Friday, September 21, 2012

You Just Don't Sano Part 1

Miguel Sano steps into the box.  He is just a huge man.  The game is tied at 1 and the opposing pitcher is locked in, but Sano already has 3 hits, including a double that hit the top of the fence.  The pitcher has been working him away, and Sano is taking what he is getting, driving all three hits to right-center.  He really has become a good all-around hitter in this league.  The pitcher deviates from the game plan for just one pitch, comes inside, and Sano absolutely launches it to the seats in left field.  He just drilled his 11th home run in 30 games and raised his batting average over .350.  Midway Stadium just can't contain him. 

When Miguel Sano was signed out of the Dominican Republic in 2009 he was only 16 years old.  He was being pursued by more famous teams, but ultimately signed with the Minnesota Twins for just over 3 million dollars.  He wasn't the giant man that he is today, but you could see the size and strength coming.  He started at third base and showed that he could handle the position, but maybe not at a high level.  He wasn't terrible though.  Besides, his glove was not the tool that got him signed.  His power looked like it could become legendary. 

By 2012, he was the number one prospect in the Twins system.  He was already showing that great power.  In 2012, he hit A ball and kept the power going, hitting 28 home runs.  There were some signs that he was not a complete prospect though.  He had some strikeout issues and was making a lot of errors at third base.  Some thought that he might end up in the outfield, possibly first base, and maybe even DH.  However, the kind of power he had was something that could not be ignored.

2013 brought Sano to high A, where he didn't do anything to hurt his prospect standing.  In 2014, Sano hit AA.  He kept up that power to such a degree that he earned a surprising call-up to AAA in July.  He struggled there, but it was also important to remember that he was only 21 years old, and in the Twins system, he moved about as quickly as any prospect can.  By 2015, he was ready for a full year of AAA.  By now, the hype machine was in full force.  Twins fans had gotten used to losing over the past five years, and they were ready for something  exciting.

Now 22 years old, Sano would spend a full season at AAA, before earning a September call-up late in 2015.  When he stepped into the batter's box, Twins fans serenaded him with applause, clearly ready for the next big thing to take his rightful place in Twins history.  As if it were scripted, Sano launched the 3rd pitch he saw into the left field bleachers.  As he rounded the bases, every fan was convinced they were watching the next Twins superstar.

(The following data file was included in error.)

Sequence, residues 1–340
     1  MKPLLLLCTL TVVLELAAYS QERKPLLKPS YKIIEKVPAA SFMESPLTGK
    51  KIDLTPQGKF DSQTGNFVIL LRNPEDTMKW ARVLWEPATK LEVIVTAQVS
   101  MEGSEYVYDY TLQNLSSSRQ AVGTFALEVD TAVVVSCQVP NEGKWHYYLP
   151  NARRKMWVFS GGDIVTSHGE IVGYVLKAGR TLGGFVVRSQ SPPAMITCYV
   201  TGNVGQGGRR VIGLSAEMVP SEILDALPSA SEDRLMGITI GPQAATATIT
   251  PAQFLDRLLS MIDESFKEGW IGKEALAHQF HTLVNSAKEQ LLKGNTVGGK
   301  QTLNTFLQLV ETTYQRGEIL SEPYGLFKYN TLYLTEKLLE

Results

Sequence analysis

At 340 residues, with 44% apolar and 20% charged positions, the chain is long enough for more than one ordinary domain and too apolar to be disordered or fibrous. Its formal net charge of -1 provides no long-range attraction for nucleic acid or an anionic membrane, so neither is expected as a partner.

Struggles are very normal for young players.  Sano was an early Rookie of the Year favorite in 2016.  Instead, many of the issues that scouts were worried about early in his career started to surface.  It became clear, early on, that he could not handle third base in the majors.  He made 9 errors in April and was splitting time at 1B and DH by July.  His power was still there.  He finished the year with 21 home runs; definitely not a terrible for a 23 year old rookie.  He also struck out 195 times and did not walk much at all.  He ended with a sub .800 OPS and did not finish in the top five in Rookie of the Year voting.

2017 and 2018 were very similar seasons.  Sano showed great power, but little else.  By 2018, he was a DH, and he didn't hit enough to play that position.  By age 26, he was in danger of being released off the 40-man roster altogether.  A brief power surge at the end of 2019 kept him in the Twins plans for at least one more year.  When he didn't hit as a 27 year old, he didn't survive the offseason with the Twins, being traded for a AA pitcher that threw strikes.  Sano bounced around to 3 different teams over the next two years, never even showing the power that made him an elite prospect.  He simply could not make contact.  When you add that to his lack of any sort of defense, he was no longer a major leaguer. 

Which brings us back to Midway Stadium.  Baseball fans in Minnesota are finally enjoying Miguel Sano.  He is killing the pitching in this independent league, and some are whispering that he might get a chance with an MLB club next Spring Training as a 32 year old.  In many ways, he is a success.  He has spent half of his life playing professional baseball.  His prospect status helped him earn more money that he likely would have had he not played baseball.  He might even get another shot in the majors.  However, if you ask any Twins fan, they will more than likely call him a bust.  The great hope that never materialized. 

Once considered the building block that would lead the Twins back to the top of the Central Division, Miguel Sano is now rounding the bases after a monster home run.  There is a giant pig statue in the background and the PA guy announces every train that passes by.  While only about 10 miles from Target Field, it has to feel like a million miles from Major League Baseball.  This is often a reality in the prospect world.  No one really knows what the future holds.  For Miguel Sano, hopefully the power that he is showing in this rundown stadium will translate in Spring Training and help him back onto a Major League roster.  Regardless, the lofty expectations that were never met, 
were unlikely to ever be met in the first place.

This is the first part in a 4 part series.  Don't be depressed, it gets better...

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